A former deputy director of the Central Intelligence Agency (CIA) is among the many voices in the US criticising the release of Hafiz Saeed, alleged mastermind of the 2008 Mumbai terror attacks, from house arrest in Pakistan on Friday.
Michael Morell said the Lashkar-e-Taiba (LeT) chief has blood on his hands and now he wants to bring extremism into the political mainstream in Pakistan.
''Saeed is a terrorist. Worked with LeT, a Kashmiri militant group, and al-Qaida on attacks. He has blood on his hands. Now wants to bring extremism into the political mainstream in Pakistan,'' Morell said in a tweet.
Hafiz Muhammad Saeed is the head of the Jamaat-ud-Dawah (JuD), purportedly a charitable organisation, but he is also the founder of the militant LeT, with a $10 million American bounty on his head. He was released from house arrest on Friday by a court in Lahore.
Saeed's release came just ahead of the 9th anniversary of the 26/11 Mumbai attacks in which 166 people, including six Americans, were killed. Ten terrorists, including Ajmal Kasab – the only one captured alive and subsequently hanged by India - had gone on a killing spree in Mumbai after reaching the city from Karachi by sea.
The Trump administration too has expressed ''deep concern'' over Saeed's release and asked the Pakistan government to make sure that he is arrested and charged for his crimes.
A statement issued by US State Department spokesperson Heather Nauert in Washington and distributed by the US embassy in Delhi said, ''The United States is deeply concerned that Lashkar-e-Tayyiba (LeT) leader Hafiz Saeed has been released from house arrest in Pakistan.
LeT is a designated Foreign Terrorist Organization responsible for the death of hundreds of innocent civilians in terrorist attacks, including a number of American citizens. The Pakistani government should make sure that he is arrested and charged for his crimes.''
Coming out of house arrest, the JuD chief spewed venom against India and said he would gather people across Pakistan for the ''cause of Kashmir'' and try to help Kashmiris get their ''destination of freedom'', (See: Freed from arrest, Hafiz promptly launches tirade on Kashmir).
Saeed has been under detention since January this year. He was put under house arrest after the Mumbai attack but was released about six months later in June 2009.
The US media was equally alarmed by the release. NBC News said Saeed's release could once again sour US relations with Pakistan.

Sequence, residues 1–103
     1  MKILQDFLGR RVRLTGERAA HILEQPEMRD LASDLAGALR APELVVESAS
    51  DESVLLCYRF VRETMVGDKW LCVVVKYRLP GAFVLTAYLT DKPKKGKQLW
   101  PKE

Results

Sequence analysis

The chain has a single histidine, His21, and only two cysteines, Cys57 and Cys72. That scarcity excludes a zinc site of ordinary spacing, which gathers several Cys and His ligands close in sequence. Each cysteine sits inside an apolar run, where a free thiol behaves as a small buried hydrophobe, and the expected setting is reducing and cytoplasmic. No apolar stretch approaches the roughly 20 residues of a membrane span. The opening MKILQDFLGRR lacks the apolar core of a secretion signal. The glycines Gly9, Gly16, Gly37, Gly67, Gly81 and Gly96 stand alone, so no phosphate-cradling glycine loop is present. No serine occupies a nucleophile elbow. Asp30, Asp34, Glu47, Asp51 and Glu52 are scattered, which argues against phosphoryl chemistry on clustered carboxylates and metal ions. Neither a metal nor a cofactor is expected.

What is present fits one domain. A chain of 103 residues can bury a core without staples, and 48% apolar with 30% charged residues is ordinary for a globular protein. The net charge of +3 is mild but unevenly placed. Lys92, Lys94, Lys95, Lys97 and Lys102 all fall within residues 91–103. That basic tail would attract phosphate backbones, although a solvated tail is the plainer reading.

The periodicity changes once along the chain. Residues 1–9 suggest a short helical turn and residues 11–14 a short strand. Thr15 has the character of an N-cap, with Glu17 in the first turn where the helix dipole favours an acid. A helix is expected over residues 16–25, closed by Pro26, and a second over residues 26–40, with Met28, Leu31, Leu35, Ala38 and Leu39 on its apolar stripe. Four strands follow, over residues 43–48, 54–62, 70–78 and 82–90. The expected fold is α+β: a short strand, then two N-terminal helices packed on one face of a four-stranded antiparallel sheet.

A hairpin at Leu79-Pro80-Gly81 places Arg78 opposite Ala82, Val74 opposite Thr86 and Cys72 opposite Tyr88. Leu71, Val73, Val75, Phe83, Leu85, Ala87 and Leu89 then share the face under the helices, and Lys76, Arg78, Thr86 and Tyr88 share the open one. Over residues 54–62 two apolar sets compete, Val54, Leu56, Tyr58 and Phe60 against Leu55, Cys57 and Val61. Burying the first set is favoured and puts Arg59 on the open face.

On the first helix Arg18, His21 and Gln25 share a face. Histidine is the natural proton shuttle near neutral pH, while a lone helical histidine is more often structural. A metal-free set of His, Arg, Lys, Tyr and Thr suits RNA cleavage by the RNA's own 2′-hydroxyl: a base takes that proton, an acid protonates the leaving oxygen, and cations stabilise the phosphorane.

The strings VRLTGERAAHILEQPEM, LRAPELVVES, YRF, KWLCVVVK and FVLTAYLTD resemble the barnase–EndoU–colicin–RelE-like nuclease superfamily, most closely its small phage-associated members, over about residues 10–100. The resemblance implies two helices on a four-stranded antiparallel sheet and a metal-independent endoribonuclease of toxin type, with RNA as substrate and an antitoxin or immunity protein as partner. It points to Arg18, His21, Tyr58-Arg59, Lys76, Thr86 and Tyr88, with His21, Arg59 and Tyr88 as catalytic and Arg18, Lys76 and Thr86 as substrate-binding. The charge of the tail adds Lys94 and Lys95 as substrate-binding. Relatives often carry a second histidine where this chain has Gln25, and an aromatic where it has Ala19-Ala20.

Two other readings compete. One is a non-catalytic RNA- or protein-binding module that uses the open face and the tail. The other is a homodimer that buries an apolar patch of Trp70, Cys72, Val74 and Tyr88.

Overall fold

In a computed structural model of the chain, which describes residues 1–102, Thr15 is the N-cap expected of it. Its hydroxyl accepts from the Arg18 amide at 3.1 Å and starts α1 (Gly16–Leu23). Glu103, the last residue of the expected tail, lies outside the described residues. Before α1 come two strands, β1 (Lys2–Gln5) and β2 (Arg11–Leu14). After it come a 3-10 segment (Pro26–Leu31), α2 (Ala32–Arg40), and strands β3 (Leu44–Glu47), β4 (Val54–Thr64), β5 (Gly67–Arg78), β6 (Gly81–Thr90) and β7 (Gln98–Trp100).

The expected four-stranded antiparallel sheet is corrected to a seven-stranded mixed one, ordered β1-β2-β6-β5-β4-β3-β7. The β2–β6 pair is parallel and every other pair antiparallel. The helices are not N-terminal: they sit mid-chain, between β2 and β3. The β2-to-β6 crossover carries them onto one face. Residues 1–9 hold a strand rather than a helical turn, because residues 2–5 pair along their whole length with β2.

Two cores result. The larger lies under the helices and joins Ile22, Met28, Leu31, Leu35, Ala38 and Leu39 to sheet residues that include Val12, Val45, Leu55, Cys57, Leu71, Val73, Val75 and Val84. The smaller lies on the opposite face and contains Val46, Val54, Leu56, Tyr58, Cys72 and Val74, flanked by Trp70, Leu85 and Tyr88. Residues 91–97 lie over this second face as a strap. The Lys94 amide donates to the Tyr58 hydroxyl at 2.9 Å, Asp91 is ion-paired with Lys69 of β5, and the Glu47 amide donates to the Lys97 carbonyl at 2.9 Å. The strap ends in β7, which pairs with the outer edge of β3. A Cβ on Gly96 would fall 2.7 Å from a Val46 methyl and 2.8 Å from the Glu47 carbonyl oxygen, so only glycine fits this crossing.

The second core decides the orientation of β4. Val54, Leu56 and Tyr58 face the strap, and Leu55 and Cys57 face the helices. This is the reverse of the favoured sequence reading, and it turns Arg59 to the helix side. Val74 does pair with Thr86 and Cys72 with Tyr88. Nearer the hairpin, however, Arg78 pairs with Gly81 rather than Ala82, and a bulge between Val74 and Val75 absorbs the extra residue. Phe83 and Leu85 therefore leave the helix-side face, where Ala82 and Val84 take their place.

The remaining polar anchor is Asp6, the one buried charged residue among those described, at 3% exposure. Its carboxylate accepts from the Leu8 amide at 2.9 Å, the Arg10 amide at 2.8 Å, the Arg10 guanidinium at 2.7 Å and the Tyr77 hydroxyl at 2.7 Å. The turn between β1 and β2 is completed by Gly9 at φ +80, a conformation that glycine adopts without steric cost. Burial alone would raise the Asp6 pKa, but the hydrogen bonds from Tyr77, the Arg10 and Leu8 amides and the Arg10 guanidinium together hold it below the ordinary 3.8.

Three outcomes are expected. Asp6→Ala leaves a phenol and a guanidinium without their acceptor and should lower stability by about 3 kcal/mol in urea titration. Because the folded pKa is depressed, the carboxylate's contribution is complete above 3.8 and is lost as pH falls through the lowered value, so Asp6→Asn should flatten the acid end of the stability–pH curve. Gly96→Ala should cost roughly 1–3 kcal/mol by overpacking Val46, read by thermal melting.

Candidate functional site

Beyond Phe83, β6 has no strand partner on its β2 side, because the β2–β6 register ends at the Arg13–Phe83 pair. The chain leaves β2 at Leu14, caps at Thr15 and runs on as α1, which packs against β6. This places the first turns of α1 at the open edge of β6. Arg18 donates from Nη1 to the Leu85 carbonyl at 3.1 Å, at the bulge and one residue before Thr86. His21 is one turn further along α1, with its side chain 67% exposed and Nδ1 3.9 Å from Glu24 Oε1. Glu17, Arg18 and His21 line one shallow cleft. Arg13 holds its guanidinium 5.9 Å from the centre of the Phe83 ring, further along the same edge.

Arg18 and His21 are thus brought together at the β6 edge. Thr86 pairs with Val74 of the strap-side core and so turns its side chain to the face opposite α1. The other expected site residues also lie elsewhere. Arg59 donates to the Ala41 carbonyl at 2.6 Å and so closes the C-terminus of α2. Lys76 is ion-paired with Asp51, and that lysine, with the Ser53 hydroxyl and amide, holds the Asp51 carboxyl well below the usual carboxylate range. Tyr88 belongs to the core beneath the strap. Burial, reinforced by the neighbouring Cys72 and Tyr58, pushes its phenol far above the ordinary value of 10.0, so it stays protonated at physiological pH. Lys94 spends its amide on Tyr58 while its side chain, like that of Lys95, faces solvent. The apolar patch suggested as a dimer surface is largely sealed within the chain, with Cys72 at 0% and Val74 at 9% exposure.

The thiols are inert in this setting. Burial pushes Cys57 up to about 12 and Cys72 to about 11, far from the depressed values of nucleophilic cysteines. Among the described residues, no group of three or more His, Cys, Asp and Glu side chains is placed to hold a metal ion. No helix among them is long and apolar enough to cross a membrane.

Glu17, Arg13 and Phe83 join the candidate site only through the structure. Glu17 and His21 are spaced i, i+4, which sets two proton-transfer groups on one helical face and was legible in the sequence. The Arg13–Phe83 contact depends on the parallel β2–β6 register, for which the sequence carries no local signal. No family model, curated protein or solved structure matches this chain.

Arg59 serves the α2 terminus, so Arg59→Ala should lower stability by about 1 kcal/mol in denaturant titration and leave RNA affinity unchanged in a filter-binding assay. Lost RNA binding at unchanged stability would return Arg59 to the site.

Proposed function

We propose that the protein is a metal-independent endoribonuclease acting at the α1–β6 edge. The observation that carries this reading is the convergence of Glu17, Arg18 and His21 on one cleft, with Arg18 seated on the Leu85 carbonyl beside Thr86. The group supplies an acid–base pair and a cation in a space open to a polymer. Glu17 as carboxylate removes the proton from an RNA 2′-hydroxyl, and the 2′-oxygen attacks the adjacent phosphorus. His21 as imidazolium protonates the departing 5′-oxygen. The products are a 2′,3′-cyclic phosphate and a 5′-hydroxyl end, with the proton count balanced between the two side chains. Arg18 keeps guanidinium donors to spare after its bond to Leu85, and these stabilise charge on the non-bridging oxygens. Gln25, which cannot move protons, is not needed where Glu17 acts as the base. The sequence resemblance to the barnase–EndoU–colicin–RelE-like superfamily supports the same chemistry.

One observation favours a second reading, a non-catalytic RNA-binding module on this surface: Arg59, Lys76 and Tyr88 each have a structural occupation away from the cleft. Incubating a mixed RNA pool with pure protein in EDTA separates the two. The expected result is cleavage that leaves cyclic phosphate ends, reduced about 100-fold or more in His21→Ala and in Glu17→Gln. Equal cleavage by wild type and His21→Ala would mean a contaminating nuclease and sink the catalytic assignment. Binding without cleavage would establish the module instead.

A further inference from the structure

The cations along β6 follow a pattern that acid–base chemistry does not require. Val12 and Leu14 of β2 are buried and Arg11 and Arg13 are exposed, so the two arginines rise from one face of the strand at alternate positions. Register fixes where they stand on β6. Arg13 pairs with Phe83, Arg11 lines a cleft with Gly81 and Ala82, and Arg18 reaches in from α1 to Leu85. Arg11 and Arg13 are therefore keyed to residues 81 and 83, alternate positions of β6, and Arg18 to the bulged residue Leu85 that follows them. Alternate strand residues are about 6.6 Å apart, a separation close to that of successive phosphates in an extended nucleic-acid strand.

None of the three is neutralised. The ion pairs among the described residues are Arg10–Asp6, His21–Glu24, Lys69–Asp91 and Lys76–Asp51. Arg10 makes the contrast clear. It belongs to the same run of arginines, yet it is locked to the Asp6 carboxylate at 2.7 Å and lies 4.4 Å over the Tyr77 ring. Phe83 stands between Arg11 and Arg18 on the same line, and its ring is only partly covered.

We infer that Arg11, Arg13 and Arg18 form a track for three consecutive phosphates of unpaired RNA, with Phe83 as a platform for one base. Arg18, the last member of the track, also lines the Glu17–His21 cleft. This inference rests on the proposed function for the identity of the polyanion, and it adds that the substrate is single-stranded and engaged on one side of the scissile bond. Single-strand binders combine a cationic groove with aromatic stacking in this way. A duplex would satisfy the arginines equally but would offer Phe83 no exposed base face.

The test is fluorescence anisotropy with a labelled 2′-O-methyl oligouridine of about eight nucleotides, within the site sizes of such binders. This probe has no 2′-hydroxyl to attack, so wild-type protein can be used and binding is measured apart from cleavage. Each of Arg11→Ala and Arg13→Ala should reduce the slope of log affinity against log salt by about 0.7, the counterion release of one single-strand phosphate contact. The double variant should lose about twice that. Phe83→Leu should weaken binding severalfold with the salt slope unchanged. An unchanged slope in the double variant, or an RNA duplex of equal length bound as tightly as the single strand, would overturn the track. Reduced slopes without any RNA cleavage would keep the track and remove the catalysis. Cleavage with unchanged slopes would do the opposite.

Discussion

The New York Times said that for decades, Pakistan had cast a benign eye on groups like LeT, which is perceived as an asset because its attacks target Indian soldiers in Kashmir, even as the government battles jihadist groups like the Pakistan Taliban that directly threaten the country.
"But despite its pressure on Pakistan to move against militants like Saeed, the United States has also sent mixed messages. Just a month ago, the United States Senate struck down a provision tying American government funding to Pakistan to the country's efforts to curb Lashkar-e-Taiba's operations.
"The provision, part of a broader Pentagon-funding legislation that Congress introduced this past summer, would have forced the secretary of defence to certify that Islamabad was thwarting Lashkar-e-Taiba's activities inside Pakistan or risk $350 million in American assistance," the NYT wrote.
In an op-ed, The Washington Examiner said the Trump administration "should work with India" to "capture or kill" Saeed.
"Trump should call Prime Minister Narendra Modi of India and offer to work with him to capture or kill Saeed," the daily said, adding that Saeed intends to lead a new Muslim theocratic political bloc in next year's parliamentary polls.
"Although Pakistan's electoral commission has refused to certify the bloc, Saeed's populist power should not be understated. Charismatic and determined, if left unchecked in his political party or terrorist activities, Saeed could destabilise the region," the daily added.
The JuD is believed to be the front organisation for the banned LeT which is responsible for carrying out the Mumbai terror attack.